Of course, most of the people who do follow a high-raw diet are usually by definition highly health-conscious about any non-raw foods they eat. I've yet to meet, for example, a raw foodist who occasionally eats Burger King Double-Whoppers ?(although, I'm sure that seemingly odd combination must exist somewhere).
***** DISCLAIMER: As with all of our posts here at Pure Jeevan, and particularly those coming up over the next week and a half (which will all be tagged with a new term, "Nadi Balance"), please refer to the disclaimer that runs at the bottom of all Pure Jeevan Pages. Wendi and Jim are health researchers, educators, and extreme self-experimenters. ******
Nadi Balance: Part IV...
Today for "Take the Time Tuesday," we'd like you to take the time to meet Mimi Kirk, whom many of you may know as the winner of PETA's "Sexiest Vegetarian Over 50" contest last fall. If you're interested in longevity, and how diet influences the way we look, act, think, and exist, then you'll definitely want to listen closely to what this vibrant woman, who is 71 years young, has to say. We spoke with Mimi for nearly an hour this weekend, and are happy to share her inspiring interview with all of you. Below, you can listen right here, or download a podcast MP3 version.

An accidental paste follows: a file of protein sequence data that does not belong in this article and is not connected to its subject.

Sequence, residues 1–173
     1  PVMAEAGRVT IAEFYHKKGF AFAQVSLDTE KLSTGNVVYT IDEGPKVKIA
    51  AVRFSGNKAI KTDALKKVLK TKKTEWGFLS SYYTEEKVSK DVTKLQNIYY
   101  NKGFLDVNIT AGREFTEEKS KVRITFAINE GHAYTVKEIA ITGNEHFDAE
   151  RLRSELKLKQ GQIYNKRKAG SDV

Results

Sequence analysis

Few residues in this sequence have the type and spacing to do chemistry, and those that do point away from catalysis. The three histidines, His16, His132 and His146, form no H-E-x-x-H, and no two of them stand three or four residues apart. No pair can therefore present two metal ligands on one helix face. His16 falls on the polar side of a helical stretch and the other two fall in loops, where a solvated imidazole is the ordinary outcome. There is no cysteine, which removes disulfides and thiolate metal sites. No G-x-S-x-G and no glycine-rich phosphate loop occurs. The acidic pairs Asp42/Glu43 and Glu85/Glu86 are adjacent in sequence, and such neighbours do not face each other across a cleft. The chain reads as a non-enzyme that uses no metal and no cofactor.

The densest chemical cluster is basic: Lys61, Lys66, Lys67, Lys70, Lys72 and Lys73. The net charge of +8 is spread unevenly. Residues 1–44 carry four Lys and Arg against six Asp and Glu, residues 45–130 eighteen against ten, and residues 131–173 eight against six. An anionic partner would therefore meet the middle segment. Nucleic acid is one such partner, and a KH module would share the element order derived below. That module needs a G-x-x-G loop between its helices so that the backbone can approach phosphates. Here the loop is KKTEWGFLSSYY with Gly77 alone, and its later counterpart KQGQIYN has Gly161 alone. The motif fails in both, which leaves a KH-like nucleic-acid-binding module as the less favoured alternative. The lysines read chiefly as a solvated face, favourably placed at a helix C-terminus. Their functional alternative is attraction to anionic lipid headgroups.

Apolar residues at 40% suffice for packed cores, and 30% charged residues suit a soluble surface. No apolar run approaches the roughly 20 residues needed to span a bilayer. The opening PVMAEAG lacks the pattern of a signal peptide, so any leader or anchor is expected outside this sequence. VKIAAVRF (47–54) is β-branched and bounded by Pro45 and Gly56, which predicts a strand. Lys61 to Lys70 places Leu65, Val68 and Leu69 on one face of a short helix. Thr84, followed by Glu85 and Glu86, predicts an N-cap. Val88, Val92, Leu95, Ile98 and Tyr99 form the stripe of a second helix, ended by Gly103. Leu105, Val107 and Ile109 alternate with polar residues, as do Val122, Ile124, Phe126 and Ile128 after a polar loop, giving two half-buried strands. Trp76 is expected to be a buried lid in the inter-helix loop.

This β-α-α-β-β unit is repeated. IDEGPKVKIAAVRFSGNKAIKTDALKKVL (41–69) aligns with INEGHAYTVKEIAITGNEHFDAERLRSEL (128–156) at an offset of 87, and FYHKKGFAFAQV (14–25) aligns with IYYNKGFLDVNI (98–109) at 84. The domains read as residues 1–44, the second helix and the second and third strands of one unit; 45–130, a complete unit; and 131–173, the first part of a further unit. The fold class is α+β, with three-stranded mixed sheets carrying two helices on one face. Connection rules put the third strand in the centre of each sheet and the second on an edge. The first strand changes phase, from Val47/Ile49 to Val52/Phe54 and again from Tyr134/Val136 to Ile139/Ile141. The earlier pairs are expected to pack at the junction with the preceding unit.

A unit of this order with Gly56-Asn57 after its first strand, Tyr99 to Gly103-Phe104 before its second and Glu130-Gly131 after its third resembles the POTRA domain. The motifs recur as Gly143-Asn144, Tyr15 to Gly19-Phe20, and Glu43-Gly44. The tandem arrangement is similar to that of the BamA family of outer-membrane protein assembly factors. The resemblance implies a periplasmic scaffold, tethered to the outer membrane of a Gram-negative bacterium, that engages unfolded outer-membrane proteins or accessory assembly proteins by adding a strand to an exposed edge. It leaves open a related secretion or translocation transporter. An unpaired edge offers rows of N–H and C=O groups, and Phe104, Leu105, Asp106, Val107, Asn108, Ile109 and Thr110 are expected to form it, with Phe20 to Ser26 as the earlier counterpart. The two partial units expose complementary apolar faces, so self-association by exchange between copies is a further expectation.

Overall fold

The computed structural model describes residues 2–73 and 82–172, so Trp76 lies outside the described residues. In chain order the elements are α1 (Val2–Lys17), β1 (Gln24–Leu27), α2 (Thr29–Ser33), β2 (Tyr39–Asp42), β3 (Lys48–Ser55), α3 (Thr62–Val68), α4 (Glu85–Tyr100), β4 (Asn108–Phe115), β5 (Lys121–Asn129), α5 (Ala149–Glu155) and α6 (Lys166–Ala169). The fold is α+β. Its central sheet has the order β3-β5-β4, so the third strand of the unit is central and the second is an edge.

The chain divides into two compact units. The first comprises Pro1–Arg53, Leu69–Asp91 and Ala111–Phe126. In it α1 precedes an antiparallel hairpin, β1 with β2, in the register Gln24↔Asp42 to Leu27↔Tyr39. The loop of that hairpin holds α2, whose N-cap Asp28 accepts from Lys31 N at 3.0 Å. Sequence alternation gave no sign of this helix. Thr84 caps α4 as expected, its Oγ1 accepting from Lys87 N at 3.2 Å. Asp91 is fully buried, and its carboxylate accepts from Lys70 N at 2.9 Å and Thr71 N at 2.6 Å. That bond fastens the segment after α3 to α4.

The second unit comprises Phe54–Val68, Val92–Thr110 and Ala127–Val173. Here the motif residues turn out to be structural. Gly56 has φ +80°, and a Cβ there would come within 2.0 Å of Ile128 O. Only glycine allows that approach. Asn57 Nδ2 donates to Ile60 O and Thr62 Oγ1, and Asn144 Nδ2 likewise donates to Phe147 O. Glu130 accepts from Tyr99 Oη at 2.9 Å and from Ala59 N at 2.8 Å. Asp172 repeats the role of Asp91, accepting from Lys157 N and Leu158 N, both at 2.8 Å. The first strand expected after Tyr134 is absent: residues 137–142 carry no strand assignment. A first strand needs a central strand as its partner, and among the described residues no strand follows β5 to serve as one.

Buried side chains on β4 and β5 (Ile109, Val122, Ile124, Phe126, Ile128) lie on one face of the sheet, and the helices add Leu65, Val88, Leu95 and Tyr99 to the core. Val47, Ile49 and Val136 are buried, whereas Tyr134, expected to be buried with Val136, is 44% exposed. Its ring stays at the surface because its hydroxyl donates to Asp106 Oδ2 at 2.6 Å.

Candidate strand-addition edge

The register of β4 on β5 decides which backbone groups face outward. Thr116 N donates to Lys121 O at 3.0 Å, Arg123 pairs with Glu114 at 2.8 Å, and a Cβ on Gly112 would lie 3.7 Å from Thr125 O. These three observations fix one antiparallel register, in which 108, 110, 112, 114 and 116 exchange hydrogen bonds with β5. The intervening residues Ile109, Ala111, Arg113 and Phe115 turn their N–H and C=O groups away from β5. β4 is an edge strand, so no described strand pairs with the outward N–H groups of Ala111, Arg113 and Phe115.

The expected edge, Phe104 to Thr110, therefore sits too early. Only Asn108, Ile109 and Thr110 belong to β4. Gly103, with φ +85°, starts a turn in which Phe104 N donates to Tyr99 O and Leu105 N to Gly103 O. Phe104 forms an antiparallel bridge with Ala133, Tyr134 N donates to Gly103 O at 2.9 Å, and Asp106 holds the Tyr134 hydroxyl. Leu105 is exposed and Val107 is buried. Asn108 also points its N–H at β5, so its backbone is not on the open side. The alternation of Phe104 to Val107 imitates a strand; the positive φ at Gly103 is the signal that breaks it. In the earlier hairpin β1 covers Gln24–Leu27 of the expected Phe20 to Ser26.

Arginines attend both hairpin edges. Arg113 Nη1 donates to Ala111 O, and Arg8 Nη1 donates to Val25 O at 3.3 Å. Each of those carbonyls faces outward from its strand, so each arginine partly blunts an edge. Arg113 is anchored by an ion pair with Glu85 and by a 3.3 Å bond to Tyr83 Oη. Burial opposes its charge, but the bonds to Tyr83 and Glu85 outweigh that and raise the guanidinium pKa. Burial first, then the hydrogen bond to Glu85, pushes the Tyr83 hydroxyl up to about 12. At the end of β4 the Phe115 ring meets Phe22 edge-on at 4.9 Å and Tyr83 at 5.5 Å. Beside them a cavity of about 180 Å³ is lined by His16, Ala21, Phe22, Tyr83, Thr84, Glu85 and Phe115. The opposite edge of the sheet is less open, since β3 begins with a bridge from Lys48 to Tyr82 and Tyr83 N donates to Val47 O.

As you may have seen around the web, a number of individuals have attempted to single-handedly list all of the raw-food resources on one web page or one web site. However, when you consider how the raw and living foods movement has grown exponentially in recent years, you realize that keeping up with raw food information resources is an impossible task for any individual.